Asbestos Found At Air And Space Museum A story in Sunday's Washington Post raises questions about air quality at the National Air and Space Museum. Though visitors are not thought to be at risk, reporters James Grimaldi and Jacqueline Trescott found that the building's seams contain asbestos. At least one worker is now sick.
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Asbestos Found At Air And Space Museum

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Asbestos Found At Air And Space Museum

Asbestos Found At Air And Space Museum

Asbestos Found At Air And Space Museum

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In a story in Sunday's Washington Post, reporters James Grimaldi and Jacqueline Trescott report that asbestos is present in the walls of the National Air and Space Museum. Though visitors are not thought to be at risk, at least one worker is now sick.

Grimaldi says a 1992 study by the Smithsonian determined that a joint compound used to seal wall seams contained asbestos. However, Grimaldi was told that in the following years, the information was not communicated with museum managers.

The Consumer Product Safety Commission banned the compound six years after construction of the museum began in 1972. But "as anyone who's ever worked with wallboard knows," Grimaldi says, "you sand it after you've put it up there." Sanding the compound releases the asbestos into the air — and breathing that air is highly dangerous.

It took an asbestos awareness class to alert one museum worker to the danger. Richard Pullman was shocked when he was told there was asbestos in the walls of the museum. "I've been drilling and sawing into these walls for years, unprotected," Pullman told Grimaldi.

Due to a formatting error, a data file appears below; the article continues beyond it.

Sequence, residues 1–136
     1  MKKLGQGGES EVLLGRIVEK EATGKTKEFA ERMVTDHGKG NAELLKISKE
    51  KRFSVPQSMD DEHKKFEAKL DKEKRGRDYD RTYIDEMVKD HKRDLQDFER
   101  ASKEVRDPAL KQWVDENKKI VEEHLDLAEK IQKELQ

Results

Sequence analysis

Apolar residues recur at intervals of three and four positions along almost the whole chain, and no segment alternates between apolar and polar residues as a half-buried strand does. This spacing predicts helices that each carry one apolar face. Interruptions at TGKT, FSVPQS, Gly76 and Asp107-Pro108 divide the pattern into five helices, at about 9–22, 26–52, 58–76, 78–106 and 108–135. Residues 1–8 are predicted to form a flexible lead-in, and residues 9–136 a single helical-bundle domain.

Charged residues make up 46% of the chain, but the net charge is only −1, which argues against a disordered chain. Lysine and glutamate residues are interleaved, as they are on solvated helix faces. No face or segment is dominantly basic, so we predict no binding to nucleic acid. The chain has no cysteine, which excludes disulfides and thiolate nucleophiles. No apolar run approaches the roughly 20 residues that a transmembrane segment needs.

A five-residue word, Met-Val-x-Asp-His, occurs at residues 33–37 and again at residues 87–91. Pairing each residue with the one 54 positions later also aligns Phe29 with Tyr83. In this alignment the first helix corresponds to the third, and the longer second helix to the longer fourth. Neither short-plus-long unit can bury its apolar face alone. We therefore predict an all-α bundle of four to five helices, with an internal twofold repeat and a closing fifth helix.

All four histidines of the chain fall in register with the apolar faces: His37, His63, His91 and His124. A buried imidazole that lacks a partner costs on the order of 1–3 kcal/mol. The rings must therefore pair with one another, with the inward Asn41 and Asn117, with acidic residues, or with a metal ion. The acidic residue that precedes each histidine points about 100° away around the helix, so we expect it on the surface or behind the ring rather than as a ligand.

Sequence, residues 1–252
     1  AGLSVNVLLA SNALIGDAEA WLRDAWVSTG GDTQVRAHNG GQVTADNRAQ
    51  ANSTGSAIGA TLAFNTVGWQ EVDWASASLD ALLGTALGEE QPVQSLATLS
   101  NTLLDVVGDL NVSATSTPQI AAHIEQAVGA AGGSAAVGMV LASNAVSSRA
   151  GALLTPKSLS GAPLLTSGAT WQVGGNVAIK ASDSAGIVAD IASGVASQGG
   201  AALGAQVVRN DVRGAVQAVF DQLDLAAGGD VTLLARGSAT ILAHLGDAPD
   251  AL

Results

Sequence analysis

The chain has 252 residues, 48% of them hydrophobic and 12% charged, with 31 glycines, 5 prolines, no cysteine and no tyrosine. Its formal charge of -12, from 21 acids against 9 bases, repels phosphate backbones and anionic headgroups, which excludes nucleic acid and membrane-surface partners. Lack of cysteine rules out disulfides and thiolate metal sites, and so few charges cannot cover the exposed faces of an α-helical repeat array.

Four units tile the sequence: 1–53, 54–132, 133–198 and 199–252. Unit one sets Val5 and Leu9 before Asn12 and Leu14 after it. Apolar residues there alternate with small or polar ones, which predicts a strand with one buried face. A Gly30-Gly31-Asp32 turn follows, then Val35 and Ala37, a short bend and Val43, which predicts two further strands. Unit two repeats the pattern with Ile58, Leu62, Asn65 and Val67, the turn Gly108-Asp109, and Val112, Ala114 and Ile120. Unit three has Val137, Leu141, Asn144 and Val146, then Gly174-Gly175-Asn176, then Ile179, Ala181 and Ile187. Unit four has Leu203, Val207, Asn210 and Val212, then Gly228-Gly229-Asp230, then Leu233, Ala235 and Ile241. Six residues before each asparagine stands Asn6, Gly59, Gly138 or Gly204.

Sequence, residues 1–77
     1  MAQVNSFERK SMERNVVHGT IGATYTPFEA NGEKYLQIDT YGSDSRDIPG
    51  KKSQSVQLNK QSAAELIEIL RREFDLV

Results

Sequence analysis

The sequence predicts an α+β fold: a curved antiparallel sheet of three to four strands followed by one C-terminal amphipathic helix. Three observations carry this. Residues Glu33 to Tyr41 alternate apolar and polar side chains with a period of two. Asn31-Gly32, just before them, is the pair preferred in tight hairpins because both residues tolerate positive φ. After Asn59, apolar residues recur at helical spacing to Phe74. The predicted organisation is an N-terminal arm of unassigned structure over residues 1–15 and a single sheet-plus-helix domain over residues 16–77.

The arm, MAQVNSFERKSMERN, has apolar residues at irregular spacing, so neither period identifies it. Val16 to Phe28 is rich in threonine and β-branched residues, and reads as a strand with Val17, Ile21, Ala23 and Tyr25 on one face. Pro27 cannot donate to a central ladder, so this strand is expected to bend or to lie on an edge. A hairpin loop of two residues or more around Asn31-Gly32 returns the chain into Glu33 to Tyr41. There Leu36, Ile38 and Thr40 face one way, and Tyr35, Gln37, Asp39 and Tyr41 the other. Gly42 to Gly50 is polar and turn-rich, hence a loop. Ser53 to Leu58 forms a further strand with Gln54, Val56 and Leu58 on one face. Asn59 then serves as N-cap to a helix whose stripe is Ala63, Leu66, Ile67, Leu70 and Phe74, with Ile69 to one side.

After the class, Pullman consulted a doctor and was diagnosed with asbestosis, a progressive disease where the ingested fibers work their way into the lungs.

Museum workers say they weren't aware of the danger, and the Smithsonian tells Grimaldi that the current administration only found out last year. The awareness sessions are part of the institution's response to the situation.

The Smithsonian also says they immediately imposed proper methods of working with the materials that contain the asbestos, but complaints from workers prompted an investigation by the Occupational Safety and Health Administration.

The investigation resulted in a citation for mishandling and improper notification, Grimaldi reports, and the Smithsonian acknowledges that the workers were not properly notified.

Grimaldi stresses that there is no danger for visitors to the museum. Tests indicate the museum's air is safe, and a cleanup operation removed the dust that had accumulated in the building from the drilling and sawing.